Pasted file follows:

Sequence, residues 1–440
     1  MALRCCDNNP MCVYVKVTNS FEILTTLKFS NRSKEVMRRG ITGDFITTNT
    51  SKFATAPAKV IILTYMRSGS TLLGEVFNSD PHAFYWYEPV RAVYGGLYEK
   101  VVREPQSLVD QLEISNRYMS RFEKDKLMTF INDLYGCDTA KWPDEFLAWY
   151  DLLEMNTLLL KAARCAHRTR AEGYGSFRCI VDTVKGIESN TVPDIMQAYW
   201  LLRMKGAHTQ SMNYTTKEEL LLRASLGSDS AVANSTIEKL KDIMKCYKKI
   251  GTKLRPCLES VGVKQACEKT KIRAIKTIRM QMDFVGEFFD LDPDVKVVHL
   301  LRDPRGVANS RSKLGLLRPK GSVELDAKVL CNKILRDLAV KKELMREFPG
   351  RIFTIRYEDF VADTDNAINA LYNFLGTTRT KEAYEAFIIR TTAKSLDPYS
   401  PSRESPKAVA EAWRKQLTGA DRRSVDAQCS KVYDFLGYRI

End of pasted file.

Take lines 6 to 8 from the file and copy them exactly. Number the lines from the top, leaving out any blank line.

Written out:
   201  LLRMKGAHTQ SMNYTTKEEL LLRASLGSDS AVANSTIEKL KDIMKCYKKI
   251  GTKLRPCLES VGVKQACEKT KIRAIKTIRM QMDFVGEFFD LDPDVKVVHL
   301  LRDPRGVANS RSKLGLLRPK GSVELDAKVL CNKILRDLAV KKELMREFPG